Matthew Lutton

Sarah Miller

Why is bad theatre so excruciating? Why is it so much worse than bad film? This question vexes many of us who spend a reasonable amount of our professional lives sitting in uncomfortable spaces enduring the slings and arrows of tragic theatre. So when the word gets out that something good is happening, we are prepared to endure a stinking hot night and a venue renowned for back-breaking seating and zero oxygen. Who and what was the cause of all this selfless devotion? Blame Matthew Lutton, whose outstanding physical and truly absurd production of Ionesco’s The Bald Prima Donna, had audiences in raptures during the 2003 WA Fringe Festival. Not surprisingly, it was awarded Best Fringe Production.

Lutton has packed a lot into his young life. At a mere 19 years of age, his credits include director, writer and performer. As a performer, he has been clown, acrobat, puppeteer and actor. With his company, ThinIce Productions, he has adapted and directed several productions. In 2002, he wrote and directed the sell-out physical theatre piece Trading Fates at the Blue Room Theatre and presented a self-devised work at PICA during Putting on an Act. So far this year, Lutton has directed the epic masked production of George Orwell’s Animal Farm and worked as assistant director on Be Active BSX’s Six Characters in Search of an Author and Black Swan Theatre Company’s The Merry Go Round in the Sea. In 2004 he is looking to direct Bed, a new script by Sydney writer Brendan Cowell in a multi-dimensional, audio visual and visceral production at PICA. Lutton is definitely across the boards (sic). He has just been appointed Director of BSX, a company for young artists producing new and contemporary theatre works with professional support from Black Swan Theatre Company. Oh, did I happen to mention that Lutton is currently completing his 2nd year of Theatre Arts at WAAPA. Long live good art.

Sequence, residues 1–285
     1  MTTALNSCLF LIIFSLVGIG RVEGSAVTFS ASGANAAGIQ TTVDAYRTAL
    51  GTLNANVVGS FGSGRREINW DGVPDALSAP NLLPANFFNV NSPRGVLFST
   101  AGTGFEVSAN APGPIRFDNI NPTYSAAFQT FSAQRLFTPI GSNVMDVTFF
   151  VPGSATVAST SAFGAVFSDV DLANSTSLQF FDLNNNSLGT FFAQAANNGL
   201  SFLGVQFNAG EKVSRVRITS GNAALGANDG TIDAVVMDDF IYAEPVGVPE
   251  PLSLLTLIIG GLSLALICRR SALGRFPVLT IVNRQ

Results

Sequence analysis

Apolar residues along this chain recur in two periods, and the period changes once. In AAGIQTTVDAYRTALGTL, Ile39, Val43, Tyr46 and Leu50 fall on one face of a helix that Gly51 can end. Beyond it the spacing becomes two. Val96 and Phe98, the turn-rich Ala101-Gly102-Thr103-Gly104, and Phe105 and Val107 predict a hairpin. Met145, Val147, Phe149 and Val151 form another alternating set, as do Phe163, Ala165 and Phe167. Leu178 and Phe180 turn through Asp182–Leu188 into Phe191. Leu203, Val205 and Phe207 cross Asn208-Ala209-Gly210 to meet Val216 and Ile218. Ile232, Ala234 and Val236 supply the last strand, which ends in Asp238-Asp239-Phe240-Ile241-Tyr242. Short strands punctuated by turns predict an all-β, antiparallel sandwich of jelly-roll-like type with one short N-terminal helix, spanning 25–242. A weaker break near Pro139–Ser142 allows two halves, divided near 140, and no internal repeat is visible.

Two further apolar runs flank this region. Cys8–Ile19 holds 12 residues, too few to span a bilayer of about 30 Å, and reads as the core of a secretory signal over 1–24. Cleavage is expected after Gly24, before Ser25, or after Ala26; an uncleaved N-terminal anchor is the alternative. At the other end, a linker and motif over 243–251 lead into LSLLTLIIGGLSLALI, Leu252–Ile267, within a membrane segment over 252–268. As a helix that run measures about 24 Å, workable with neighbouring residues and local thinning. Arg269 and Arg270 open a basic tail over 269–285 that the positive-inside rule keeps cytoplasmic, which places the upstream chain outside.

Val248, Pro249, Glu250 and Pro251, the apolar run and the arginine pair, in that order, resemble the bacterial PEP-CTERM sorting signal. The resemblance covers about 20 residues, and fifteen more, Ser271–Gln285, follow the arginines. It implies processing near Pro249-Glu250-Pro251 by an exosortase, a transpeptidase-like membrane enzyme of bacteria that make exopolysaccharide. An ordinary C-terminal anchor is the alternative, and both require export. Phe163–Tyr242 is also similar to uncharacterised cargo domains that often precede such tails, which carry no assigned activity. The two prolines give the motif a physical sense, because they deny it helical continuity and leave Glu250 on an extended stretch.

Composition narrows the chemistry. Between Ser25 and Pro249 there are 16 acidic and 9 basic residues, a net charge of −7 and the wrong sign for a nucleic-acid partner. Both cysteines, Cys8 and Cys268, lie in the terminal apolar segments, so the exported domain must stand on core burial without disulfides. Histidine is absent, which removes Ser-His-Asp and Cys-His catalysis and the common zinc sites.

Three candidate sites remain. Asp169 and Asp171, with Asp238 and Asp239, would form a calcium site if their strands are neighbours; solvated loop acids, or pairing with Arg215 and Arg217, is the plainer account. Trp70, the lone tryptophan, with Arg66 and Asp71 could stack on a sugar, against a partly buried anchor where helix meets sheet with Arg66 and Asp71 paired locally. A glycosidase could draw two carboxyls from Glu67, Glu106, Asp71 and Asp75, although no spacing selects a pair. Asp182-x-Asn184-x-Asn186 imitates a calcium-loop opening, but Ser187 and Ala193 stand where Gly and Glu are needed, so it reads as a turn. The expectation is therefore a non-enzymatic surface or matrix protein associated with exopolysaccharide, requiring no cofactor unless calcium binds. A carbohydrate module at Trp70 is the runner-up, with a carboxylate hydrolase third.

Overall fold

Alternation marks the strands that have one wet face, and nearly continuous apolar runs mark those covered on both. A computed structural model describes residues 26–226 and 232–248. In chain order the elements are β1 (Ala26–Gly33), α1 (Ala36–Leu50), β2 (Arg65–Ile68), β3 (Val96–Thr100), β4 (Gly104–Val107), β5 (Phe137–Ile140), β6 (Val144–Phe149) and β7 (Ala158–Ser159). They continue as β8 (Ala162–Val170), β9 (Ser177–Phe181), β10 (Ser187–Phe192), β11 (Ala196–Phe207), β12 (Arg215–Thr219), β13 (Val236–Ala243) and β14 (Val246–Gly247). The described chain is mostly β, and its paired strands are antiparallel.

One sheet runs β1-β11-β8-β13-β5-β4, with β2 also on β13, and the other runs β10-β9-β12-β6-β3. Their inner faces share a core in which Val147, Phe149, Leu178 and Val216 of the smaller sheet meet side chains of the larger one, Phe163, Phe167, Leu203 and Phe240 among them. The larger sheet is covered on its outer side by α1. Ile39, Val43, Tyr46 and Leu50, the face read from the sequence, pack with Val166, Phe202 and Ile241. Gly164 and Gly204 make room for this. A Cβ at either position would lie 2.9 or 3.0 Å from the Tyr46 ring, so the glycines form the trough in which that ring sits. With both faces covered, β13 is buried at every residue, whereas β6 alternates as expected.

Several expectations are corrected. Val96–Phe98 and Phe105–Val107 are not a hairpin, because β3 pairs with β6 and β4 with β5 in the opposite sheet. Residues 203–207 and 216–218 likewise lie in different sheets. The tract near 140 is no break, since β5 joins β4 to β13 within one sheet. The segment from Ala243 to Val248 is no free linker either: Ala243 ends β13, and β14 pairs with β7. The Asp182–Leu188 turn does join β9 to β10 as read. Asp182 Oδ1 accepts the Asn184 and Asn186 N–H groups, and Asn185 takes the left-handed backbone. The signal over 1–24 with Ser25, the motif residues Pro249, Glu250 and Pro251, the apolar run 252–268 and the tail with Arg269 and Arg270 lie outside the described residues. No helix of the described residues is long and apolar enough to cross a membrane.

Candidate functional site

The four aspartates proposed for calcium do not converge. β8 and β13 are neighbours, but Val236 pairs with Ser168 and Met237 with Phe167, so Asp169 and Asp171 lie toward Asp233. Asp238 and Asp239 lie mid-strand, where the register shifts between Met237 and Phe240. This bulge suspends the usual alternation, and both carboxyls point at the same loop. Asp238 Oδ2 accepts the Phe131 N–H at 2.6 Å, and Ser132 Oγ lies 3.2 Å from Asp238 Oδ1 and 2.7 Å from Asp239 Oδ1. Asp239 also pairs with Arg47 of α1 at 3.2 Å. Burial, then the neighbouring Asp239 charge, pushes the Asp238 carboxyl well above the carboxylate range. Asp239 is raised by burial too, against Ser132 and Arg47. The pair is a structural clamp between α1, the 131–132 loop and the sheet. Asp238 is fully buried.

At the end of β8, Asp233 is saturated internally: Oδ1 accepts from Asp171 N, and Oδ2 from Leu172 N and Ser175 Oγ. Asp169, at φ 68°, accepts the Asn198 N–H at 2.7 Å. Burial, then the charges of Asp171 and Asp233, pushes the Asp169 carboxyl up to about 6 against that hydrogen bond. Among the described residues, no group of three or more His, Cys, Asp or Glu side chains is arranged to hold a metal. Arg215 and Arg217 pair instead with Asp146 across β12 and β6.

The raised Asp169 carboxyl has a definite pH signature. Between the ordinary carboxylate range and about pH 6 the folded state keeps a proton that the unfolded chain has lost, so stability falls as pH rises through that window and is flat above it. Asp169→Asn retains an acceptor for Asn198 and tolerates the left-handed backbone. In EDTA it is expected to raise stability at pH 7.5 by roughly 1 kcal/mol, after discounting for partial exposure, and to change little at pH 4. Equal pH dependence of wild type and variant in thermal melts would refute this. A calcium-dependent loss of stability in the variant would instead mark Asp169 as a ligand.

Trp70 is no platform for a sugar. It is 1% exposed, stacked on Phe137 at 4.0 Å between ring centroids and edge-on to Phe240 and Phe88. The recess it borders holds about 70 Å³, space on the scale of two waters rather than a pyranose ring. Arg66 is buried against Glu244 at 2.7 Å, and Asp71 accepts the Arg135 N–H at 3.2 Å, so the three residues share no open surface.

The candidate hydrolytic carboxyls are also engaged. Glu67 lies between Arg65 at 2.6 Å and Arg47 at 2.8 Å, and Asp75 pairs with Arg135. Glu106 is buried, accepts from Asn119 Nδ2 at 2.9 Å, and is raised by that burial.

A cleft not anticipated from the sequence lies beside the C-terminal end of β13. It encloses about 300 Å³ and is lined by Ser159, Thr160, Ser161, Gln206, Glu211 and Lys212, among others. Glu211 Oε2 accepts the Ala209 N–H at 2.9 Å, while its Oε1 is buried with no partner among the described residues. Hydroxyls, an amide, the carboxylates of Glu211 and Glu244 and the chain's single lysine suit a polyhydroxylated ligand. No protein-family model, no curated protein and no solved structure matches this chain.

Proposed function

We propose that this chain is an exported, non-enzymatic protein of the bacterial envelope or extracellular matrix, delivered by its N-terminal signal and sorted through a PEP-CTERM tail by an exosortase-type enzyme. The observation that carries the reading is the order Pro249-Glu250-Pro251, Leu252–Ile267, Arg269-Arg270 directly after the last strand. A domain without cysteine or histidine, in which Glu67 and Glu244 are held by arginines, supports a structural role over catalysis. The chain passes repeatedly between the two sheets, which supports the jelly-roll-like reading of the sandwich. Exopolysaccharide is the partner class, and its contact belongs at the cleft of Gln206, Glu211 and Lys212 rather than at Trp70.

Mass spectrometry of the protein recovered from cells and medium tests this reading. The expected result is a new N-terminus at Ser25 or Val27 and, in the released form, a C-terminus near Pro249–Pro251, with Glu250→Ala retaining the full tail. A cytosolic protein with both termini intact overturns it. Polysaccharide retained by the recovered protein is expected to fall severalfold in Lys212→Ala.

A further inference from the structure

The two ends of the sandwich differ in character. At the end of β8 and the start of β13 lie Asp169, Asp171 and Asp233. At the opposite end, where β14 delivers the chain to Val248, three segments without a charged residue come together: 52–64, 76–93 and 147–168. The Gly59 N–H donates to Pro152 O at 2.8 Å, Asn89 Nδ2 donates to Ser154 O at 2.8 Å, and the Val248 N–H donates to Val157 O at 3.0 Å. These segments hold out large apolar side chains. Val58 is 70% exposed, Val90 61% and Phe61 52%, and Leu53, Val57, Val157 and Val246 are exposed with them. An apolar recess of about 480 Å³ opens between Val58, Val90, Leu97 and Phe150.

RealTime issue #57 Oct-Nov 2003 pg. 32

© Sarah Miller; for permission to reproduce apply to realtime@realtimearts.net

1 October 2003
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